So let's go back down here.

So you might say well the the Y one at

zero one corresponds to p zed orbital you're all familiar with.

And it's it's natural to say, well, do these correspond to p x and p y orbitals.

And they do, but it's not, they're not simply derived from them.

What you have to do is the p x and the p y are actually combinations of these two.

The p x is the addition combination.

So if you do y minus 1 1.

So let's, let's, let's write that down.

So you have the p x is Y 1 minus

1, plus Y 1 plus 1.

And the the p y is the difference between them, so

that would be the Y 1 minus 1 minus the Y 1 plus 1.

And I am not going to go into it, but

to show that and it's not that difficult to show it

you need to be familiar, or you need to know,

that this e to the i phi is this Euler's relationship.

Let's put it down here.

So Euler's relationship says that e,

say to the plus or minus i phi, that's equal to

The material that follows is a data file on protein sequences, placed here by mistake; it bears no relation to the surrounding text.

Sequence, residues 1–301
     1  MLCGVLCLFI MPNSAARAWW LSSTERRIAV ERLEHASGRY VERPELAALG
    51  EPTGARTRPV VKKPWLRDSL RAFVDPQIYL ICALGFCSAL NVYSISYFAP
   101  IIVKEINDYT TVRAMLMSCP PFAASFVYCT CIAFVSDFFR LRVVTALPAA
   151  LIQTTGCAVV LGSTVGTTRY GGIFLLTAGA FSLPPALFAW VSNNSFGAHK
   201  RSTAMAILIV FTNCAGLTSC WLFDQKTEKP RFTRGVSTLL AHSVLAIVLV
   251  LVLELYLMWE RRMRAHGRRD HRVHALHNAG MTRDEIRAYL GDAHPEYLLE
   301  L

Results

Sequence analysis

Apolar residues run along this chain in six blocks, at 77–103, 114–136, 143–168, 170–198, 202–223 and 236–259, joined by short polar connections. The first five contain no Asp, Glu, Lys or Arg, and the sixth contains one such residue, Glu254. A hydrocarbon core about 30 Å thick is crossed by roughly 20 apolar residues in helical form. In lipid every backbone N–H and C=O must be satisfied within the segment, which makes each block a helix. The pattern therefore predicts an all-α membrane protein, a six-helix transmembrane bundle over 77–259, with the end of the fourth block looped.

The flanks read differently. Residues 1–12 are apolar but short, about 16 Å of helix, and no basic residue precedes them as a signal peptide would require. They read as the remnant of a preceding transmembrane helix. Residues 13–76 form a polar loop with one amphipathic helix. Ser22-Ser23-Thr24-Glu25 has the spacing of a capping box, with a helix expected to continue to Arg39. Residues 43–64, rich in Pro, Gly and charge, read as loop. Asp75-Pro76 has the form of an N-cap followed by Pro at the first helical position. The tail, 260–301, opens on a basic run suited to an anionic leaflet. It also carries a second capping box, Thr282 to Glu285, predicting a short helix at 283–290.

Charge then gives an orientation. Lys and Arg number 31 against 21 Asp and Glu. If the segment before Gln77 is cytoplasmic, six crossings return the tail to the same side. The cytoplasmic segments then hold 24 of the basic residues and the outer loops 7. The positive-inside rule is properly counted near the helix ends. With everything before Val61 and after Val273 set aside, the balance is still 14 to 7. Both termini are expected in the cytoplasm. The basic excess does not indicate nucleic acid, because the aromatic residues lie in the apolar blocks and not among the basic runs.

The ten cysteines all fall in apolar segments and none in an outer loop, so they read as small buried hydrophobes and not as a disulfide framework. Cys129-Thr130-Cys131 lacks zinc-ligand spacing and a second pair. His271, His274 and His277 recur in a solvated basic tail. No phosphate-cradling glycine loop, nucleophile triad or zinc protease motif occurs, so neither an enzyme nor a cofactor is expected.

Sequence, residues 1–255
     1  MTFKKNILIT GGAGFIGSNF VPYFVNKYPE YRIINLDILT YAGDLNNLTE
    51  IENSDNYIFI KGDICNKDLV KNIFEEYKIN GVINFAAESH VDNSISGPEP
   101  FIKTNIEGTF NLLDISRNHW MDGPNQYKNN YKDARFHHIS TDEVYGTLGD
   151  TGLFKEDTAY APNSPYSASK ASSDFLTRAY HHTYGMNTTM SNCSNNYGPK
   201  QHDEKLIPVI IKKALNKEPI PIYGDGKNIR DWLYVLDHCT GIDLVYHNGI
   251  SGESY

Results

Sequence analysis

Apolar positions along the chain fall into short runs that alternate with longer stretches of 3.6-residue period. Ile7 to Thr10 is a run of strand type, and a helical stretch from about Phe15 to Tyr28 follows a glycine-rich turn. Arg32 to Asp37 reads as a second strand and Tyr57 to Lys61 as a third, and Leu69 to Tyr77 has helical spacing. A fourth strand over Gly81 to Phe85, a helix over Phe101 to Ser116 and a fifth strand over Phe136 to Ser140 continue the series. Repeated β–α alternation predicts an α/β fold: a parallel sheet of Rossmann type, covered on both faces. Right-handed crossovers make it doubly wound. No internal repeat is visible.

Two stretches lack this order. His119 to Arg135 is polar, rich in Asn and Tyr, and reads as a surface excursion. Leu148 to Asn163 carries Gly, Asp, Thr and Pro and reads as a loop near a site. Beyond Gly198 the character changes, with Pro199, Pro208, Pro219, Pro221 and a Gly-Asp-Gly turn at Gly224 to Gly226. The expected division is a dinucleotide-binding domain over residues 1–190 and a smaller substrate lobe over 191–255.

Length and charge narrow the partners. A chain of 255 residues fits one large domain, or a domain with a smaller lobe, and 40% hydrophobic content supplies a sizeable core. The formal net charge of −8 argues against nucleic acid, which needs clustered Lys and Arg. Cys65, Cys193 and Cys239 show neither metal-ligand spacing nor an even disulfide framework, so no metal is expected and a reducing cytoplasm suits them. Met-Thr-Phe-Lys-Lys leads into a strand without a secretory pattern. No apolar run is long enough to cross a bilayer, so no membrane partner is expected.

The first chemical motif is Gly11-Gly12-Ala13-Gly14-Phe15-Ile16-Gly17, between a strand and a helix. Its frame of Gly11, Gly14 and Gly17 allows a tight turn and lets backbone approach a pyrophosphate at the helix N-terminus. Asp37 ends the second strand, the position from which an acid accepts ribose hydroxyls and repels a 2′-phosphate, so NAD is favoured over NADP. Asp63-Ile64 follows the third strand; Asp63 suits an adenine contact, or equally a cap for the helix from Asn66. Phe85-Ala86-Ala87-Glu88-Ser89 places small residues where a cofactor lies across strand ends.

cosine of phi and then plus or minus i sine of phi.

So, if you expand them that way, you should be able, or you would

be able to show that the p x actually corresponds to the addition,

and the p y corresponds to the to the subtracting the two.

So as I say, you can do that perhaps as an exercise.

I'm not going to develop it here.

But hopefully this little snippet has has shown you if you like, the origin

of the shapes that you, you see for orbitals in general chemistry textbooks.

And you can explain how the, how the s-orbital shape comes along,

and you can also explain how the p z orbital shape comes along.

And for some of you should also be able to probably work out the p x and the p y

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